One of the original advocates of overhauling Medicare by providing direct but limited government support to individual patients says the current House Republican plan that includes this provision should be rejected by Congress.
In a hearing before the House Ways and Means Committee late last month, Henry Aaron, a senior fellow at the Brookings Institution and one of the original advocates of so-called premium support plans as an alternative to traditional Medicare spending, explained that he had “changed his mind” about the potential effectiveness of the premium support plan that is a key element of Rep. Paul Ryan’s (R-WI) House budget proposal. As Aaron put it:
While I would not go so far as to argue that premium support should never be considered for Medicare, I believe that there are overwhelming and persuasive reasons why it should not be enacted now. I also have become less confident that premium support, even if it works for the rest of the population, would be desirable for Medicare.
Aaron told the committee that in the mid-1990s he and Bob Reischauer of the Urban Institute—with whom he wrote “The Medicare Reform Debate: What is the Next Step,” the piece that introduced the term “premium support” into the health care lexicon—christened a plan that would substitute traditional Medicare spending on its patients with an individual voucher given directly to patients. Aaron said this original plan contained a number of key elements that would minimize the risk of such a fundamental switch, including:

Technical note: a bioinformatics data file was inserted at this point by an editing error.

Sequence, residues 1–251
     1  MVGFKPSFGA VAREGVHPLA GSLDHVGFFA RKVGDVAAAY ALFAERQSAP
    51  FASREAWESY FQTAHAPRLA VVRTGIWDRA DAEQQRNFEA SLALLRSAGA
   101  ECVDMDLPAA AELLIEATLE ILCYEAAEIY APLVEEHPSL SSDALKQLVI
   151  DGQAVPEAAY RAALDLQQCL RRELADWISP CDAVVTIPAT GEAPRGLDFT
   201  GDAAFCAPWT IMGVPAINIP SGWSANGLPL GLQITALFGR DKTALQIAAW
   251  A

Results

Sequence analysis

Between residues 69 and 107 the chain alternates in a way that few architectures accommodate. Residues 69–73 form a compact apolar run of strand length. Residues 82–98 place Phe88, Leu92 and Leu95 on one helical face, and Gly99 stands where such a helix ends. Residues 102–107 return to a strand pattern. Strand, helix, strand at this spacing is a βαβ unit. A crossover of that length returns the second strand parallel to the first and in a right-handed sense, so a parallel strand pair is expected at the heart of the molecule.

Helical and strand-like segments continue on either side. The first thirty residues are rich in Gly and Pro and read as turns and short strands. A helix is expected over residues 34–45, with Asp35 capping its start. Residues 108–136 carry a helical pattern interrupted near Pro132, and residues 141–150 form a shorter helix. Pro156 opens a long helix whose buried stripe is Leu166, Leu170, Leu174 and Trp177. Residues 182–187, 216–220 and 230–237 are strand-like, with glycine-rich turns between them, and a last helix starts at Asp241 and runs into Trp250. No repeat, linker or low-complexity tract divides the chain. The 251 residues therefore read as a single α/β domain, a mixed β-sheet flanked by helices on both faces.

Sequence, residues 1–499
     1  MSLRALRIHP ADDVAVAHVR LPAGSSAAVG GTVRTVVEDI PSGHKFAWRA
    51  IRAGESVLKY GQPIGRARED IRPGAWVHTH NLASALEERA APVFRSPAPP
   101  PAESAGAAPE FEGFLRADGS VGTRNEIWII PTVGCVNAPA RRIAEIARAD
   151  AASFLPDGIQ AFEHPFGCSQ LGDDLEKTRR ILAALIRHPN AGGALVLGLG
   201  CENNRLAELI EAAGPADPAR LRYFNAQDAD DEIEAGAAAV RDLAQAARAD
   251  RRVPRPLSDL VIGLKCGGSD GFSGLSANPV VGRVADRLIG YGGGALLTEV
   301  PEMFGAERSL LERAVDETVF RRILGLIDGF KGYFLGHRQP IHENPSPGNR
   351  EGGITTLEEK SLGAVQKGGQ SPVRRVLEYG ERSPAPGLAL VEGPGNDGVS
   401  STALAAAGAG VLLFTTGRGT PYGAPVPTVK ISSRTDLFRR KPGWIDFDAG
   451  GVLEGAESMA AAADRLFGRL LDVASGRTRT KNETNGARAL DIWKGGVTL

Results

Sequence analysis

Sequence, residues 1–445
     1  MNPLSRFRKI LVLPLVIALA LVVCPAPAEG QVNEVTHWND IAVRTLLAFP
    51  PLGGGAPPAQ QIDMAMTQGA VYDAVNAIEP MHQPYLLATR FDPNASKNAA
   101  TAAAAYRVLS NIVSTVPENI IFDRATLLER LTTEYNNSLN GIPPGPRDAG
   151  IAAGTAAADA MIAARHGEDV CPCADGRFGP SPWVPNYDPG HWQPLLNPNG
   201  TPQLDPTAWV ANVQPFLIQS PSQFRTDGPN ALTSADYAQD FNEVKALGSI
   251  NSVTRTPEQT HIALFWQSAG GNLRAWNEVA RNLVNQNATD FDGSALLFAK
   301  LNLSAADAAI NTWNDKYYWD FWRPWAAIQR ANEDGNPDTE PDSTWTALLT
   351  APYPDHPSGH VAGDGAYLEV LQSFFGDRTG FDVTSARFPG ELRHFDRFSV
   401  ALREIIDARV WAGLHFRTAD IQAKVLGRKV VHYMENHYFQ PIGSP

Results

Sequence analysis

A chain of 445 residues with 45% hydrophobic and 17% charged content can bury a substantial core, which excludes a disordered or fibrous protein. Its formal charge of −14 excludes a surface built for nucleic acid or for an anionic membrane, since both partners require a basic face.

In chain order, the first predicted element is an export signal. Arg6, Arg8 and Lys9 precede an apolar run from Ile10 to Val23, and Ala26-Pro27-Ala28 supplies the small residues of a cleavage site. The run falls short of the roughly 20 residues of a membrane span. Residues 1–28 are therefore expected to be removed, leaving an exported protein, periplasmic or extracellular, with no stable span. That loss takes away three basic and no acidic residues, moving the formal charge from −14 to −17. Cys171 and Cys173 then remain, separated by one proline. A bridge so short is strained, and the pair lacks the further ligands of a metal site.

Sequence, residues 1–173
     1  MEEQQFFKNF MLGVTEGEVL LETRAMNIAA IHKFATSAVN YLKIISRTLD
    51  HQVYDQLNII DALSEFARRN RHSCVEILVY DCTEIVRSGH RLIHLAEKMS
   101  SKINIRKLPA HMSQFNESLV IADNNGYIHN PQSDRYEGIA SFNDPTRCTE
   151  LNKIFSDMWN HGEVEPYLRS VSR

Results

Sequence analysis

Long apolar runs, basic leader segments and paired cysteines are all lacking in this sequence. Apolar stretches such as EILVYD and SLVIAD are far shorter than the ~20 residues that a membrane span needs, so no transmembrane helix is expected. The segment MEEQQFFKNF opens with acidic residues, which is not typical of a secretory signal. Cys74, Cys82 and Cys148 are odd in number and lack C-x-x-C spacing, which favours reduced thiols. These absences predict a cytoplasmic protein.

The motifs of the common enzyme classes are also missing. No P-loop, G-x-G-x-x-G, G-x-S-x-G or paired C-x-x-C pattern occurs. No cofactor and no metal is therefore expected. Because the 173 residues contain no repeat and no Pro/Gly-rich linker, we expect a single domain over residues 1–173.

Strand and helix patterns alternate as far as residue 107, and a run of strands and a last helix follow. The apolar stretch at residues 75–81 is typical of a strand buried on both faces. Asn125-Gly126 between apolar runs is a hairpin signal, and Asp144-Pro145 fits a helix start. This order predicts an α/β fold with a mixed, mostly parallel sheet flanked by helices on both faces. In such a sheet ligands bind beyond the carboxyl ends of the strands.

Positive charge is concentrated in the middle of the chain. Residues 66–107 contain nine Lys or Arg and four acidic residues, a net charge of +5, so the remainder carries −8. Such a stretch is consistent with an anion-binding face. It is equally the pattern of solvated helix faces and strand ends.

- Linking vouchers to health cost indices, not economic growth indicators
- Placing a limit on the number and variety of plans that health insurance companies could offer
- Installing a system of “risk adjustment” to discourage insurers from competing via risk selection, or agreeing to insure only those patients who are mostly healthy.
Rep. Ryan’s budget proposal does not adequately address these key details that Aaron believes premium support plans are dependent on to function effectively in reducing the costs of health care while improving the quality of patient care.
Instead of linking spending to health cost indices, the House plan would limit growth in Medicare spending to growth in the economy plus 0.5 percentage points, which would shift much of the cost to Medicare beneficiaries. The reason: Health care costs per capita are projected to grow 1.2 percentage points faster than economic growth over the next 10 years. This leaves a 0.7 percentage point difference between Rep. Ryan’s proposed Medicare spending cap and health care costs, leaving Medicare beneficiaries stuck footing the bill.